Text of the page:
Hernández y Aguado was a historic classical guitar maker in Madrid, Spain.
It is well known that John Williams played this guitar in his early career. However, the most enthusiastic supporter of this luthier was, without doubt, Regino Sáinz de la Maza, the famous guitarist and professor at the Madrid Royal Conservatory, Spain.
Santiago Manuel Hernández was born in 1895 in a village near Toledo. When he was eight, he moved to Madrid with his family. When he was 14, he began to work as an apprentice at a piano workshop. Soon, after he was allowed to work in a section where the main bodies of the piano were being constructed.
Victoriano Aguado Rodriguez was born in 1897 and grew up in Madrid. He was employed as a French polisher at the same piano workshop, in this way, the two became friends. When the piano workshop was closed in 1941, Hernández y Aguado decided to set up a workshop specialised in the restoration of the piano and antique furniture.
Aguado and Hernández’s son-in-law, Jesús Belezar were both enthusiastic amateur guitarists. The passion for the guitar and craftsmanship led Hernández and Aguado to build a couple of guitars for their own amusement.
When the maestro Sáinz de la Maza examined these guitars, he liked them and encouraged Hernández and Aguado to make more guitars.
One day, Modesto Borreguero, a guitar maker who had worked for the Manuel Ramírez workshop together with Santos Hernández and Domingo Esteso, asked Hernández and Aguado if they would let him use a corner of their workshop. They did so because they thought it’d be a good opportunity to learn more about the guitar construction techniques. They learned by observing Borreguero building guitars. It seems that Borreguero was a generous person and he taught them the traditional guitar making techniques he had learnt at the Ramírez's.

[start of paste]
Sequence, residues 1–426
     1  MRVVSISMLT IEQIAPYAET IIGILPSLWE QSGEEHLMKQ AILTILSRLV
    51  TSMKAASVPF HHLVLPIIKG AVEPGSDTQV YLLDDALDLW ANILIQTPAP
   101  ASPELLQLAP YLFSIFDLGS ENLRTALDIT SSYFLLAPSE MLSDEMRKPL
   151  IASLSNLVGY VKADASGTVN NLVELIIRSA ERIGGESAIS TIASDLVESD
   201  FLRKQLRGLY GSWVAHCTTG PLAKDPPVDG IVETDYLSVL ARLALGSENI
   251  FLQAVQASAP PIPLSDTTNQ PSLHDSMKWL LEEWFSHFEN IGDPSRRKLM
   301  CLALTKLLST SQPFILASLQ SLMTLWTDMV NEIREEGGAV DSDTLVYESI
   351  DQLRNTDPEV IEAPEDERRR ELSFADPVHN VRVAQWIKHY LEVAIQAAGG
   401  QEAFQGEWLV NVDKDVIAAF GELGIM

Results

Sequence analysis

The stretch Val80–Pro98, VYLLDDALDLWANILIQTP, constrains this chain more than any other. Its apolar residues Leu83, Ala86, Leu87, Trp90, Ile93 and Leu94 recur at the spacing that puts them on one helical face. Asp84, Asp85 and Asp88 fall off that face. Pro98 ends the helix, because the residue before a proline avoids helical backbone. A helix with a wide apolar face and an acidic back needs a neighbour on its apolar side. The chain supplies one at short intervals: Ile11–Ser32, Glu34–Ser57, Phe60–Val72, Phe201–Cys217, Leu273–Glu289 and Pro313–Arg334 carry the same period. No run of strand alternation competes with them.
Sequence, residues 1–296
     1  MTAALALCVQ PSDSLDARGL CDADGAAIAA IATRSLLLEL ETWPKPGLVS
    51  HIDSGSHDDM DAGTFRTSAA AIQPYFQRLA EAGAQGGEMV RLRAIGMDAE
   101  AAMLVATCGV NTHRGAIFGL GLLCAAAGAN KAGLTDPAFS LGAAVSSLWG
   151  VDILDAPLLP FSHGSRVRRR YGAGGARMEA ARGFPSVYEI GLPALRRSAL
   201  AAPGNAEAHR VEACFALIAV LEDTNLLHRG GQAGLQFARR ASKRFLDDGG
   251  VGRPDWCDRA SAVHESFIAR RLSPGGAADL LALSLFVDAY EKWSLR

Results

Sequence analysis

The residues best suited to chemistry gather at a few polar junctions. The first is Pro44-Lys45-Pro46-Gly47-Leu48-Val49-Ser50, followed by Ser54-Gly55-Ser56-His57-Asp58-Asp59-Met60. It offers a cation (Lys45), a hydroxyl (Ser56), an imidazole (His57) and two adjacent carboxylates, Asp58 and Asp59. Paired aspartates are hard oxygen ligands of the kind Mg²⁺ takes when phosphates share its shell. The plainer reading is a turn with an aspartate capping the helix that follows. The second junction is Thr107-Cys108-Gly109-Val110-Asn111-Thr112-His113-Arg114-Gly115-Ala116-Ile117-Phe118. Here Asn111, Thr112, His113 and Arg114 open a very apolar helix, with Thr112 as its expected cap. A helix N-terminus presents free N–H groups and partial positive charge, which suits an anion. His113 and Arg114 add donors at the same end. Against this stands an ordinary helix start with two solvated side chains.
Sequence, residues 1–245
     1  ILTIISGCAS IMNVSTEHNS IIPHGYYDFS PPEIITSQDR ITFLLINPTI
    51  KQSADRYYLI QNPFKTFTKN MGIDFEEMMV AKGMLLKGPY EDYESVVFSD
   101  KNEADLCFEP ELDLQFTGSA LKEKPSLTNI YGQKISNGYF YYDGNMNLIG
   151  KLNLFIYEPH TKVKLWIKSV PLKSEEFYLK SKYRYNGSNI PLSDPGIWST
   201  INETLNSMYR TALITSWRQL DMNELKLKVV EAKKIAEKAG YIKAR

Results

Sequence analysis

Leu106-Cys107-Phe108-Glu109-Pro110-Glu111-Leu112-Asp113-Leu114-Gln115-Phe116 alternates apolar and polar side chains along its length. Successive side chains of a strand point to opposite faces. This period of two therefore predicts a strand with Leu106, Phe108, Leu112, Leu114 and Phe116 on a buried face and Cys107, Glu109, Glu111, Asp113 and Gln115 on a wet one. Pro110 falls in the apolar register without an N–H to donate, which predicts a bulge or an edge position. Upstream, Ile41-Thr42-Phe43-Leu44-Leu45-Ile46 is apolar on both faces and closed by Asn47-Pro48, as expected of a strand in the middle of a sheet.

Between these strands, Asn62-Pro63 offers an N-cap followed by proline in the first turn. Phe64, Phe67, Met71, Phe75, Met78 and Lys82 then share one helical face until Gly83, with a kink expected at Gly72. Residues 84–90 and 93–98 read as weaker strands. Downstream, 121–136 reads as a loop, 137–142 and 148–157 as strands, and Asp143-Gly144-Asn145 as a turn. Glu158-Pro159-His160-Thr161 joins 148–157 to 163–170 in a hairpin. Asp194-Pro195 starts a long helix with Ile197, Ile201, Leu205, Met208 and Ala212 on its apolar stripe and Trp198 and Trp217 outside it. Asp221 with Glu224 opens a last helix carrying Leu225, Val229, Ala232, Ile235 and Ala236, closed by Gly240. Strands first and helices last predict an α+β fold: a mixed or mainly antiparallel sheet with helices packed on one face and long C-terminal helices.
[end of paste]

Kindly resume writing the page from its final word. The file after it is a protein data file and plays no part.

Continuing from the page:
With the help of Borreguero, Hernández and Aguado achieved to improve the quality of their guitars. They sold out fast and more new orders came in.
They decided to concentrate on guitar building full-time. This must have been a quite risky decisionfor them because there were full of well-established guitar makers in Madrid such as: José Ramírez, Marcelo Barbero, Conde Hermanos, and Santos Hernández.
However, after their first year, they had 70 clients on their waiting list.
They worked carefully and patiently. Each part of the guitar was made in the most suitable season of the year. For instance, the construction of the bodies was taken place during the winter, while the French polishing was done during the summer.
The main construction of the guitars was handled by Hernández, and the French polishing and manufacturing of the necks by Aguado.
They made only around 400 guitars between 1941 and 1975.
The sound of their guitars is pure elegance, a traditional and old Spanish sound. Very mild and austere character of this guitar gives a false impression of a lack of power to the player. However, it sounds surprisingly powerful and loud to the audience at a concert hall.
The audio sample below is the ending part of ‘Asturiana’ from ‘Siete Canciones Populares Españolas (Seven Spanish Folk Songs)’ by Manuel de Falla. It was recorded live and the guitar played with was the same “Hernández y Aguado” of the photos.